A multiple-scale analysis of plant species richness, vegetation, landscape heterogeneity, and spectral diversity along an Arctic river
PhD: University of Colorado Boulder, 1998.
Arctic landscapes are the subject of intensive ecological study in light of (1) the circumpolar nature of the biome, (2) the pristine nature of the ecosystem, and (3) the pace of land use and projected climate change in high latitudes. Riparian areas are plant diversity hotspots, harboring over 75% of the regional floras in some arctic areas. Understanding the patterns and environmental controls of plant distributions and diversity within riparian and upland areas is important if we are to predict changes in ecosystem patterns and processes.
This study examines the relationships in the Hood River valley of plant species richness, the environment, community composition, the structure of plant diversity (i.e., the relationships of alpha, beta, and gamma diversity), and patterns of remotely-sensed spectral heterogeneity from the plot level (10 m2) to regional scales (10,000 km2). The goals of this research are to (1) understand patterns of species richness at a variety of scales, (2) describe and map plant communities and vegetation, (3) use remote sensing to estimate species richness, and (4) map biodiversity hotspots.
The vascular flora for the area includes 210 species. Species richness increases along the river to the coast and variation is positively correlated with environmental heterogeneity. The most significant component of this heterogeneity is an increase in the range of soil pH.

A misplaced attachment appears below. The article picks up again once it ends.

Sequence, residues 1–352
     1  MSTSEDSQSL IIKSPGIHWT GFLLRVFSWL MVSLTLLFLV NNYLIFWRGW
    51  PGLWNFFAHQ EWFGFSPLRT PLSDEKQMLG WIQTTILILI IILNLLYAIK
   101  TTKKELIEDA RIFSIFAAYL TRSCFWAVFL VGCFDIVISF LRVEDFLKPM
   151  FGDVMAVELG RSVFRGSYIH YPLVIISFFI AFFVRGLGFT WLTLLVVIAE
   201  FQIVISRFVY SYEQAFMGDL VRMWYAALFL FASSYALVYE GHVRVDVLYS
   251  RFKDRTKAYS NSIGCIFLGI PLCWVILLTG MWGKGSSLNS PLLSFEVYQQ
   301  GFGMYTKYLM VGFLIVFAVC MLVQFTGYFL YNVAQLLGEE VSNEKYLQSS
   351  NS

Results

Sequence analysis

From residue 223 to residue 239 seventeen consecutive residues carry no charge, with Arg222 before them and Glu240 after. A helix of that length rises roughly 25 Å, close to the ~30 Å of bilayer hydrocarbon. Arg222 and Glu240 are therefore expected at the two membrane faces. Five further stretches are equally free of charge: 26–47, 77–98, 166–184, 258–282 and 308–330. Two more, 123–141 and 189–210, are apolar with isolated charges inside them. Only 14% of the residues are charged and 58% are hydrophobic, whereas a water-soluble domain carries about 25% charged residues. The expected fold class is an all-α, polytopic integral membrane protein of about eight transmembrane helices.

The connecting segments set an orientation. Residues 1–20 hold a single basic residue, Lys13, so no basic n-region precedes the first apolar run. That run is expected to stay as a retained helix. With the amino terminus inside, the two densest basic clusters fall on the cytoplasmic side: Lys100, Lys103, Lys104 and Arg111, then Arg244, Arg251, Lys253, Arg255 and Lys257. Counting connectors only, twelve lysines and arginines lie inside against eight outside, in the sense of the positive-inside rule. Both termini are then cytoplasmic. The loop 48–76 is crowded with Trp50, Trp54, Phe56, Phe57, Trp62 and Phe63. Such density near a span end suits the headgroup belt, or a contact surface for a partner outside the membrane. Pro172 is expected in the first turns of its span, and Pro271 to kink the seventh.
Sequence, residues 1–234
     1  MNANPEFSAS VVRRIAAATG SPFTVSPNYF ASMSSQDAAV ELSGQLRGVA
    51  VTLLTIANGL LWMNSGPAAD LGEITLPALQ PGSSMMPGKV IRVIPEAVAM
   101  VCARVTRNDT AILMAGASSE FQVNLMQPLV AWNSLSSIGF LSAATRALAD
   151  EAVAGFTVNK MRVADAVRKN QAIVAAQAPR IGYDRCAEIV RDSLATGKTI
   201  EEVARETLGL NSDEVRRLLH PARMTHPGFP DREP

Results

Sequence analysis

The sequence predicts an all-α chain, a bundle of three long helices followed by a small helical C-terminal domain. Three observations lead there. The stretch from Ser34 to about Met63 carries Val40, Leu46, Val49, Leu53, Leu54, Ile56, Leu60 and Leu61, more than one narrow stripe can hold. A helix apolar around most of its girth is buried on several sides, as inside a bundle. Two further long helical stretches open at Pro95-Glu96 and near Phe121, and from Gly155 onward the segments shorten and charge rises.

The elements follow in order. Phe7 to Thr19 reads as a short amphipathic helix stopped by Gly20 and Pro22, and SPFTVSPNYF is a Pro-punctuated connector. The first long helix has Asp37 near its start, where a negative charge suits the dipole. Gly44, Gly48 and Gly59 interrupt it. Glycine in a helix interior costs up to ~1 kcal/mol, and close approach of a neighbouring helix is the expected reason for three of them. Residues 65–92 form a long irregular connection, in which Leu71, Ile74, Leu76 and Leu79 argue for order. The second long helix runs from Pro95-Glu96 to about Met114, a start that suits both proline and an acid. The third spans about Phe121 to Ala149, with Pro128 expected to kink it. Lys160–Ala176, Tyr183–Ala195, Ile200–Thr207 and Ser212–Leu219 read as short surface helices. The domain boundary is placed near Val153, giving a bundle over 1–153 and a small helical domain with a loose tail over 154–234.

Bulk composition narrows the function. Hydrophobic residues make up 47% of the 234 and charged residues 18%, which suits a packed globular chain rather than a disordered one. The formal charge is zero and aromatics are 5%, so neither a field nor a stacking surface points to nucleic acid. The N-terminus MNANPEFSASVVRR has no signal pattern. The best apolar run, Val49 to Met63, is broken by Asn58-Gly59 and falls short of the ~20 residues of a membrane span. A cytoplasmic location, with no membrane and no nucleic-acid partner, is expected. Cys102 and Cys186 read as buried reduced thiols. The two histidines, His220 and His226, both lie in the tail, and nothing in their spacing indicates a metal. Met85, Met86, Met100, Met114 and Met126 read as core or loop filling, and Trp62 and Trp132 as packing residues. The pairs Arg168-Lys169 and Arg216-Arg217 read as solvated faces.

Twenty-four plant community types are described using the Braun-Blanquet approach. An increase in site species richness is correlated with an increase in the number of communities and beta diversity, rather than an increase in the alpha diversity of individual communities. Moisture and pH controlled most of the differences in composition between communities. Patterns of species richness differed among vascular, bryophyte, and lichen species. Vascular plant alpha diversity had a peak in richness at pH 6.5.
A map of the vegetation of the region was derived from a supervised classification of Landsat TM data. Estimates of plant species richness were derived using variation in the normalized difference of vegetation index (NDVI) and weighted abundance of mapped vegetation types. Together, these explain 86% of the variance in species richness of sample areas. Species richness hotspots in the region are concentrated along riparian corridors.